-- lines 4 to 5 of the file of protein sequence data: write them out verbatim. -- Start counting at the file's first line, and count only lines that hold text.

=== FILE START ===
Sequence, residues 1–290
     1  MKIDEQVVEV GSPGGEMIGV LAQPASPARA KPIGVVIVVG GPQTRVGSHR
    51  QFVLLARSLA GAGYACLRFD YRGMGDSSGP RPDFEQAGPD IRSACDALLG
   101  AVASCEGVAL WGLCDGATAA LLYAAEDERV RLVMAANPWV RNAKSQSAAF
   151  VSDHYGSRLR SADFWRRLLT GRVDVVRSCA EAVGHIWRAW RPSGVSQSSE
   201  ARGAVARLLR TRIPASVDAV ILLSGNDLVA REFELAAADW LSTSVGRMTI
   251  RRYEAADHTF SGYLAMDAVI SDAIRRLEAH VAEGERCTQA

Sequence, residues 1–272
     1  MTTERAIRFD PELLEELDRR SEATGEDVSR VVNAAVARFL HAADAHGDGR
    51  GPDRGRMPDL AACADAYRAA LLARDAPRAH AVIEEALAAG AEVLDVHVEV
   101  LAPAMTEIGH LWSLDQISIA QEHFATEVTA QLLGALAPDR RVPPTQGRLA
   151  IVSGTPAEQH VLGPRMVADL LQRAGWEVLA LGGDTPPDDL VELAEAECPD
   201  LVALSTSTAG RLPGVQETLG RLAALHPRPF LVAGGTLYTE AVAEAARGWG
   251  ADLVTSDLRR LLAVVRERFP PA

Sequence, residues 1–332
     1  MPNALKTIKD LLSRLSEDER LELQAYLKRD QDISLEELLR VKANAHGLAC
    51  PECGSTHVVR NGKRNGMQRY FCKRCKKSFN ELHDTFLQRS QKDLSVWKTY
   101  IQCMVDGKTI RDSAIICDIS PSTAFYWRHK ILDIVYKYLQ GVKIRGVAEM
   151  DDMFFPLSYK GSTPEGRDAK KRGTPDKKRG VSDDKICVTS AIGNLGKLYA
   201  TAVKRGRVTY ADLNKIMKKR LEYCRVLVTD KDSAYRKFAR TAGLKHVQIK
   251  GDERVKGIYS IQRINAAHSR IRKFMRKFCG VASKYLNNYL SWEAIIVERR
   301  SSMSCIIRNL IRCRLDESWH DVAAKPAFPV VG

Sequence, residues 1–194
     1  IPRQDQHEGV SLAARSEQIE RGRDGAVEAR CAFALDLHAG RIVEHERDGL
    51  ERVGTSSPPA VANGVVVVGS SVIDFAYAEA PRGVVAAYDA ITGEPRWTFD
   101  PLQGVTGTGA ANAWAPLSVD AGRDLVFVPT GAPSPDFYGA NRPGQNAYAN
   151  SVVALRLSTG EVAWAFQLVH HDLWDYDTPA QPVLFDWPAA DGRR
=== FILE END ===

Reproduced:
   101  AVASCEGVAL WGLCDGATAA LLYAAEDERV RLVMAANPWV RNAKSQSAAF
   151  VSDHYGSRLR SADFWRRLLT GRVDVVRSCA EAVGHIWRAW RPSGVSQSSE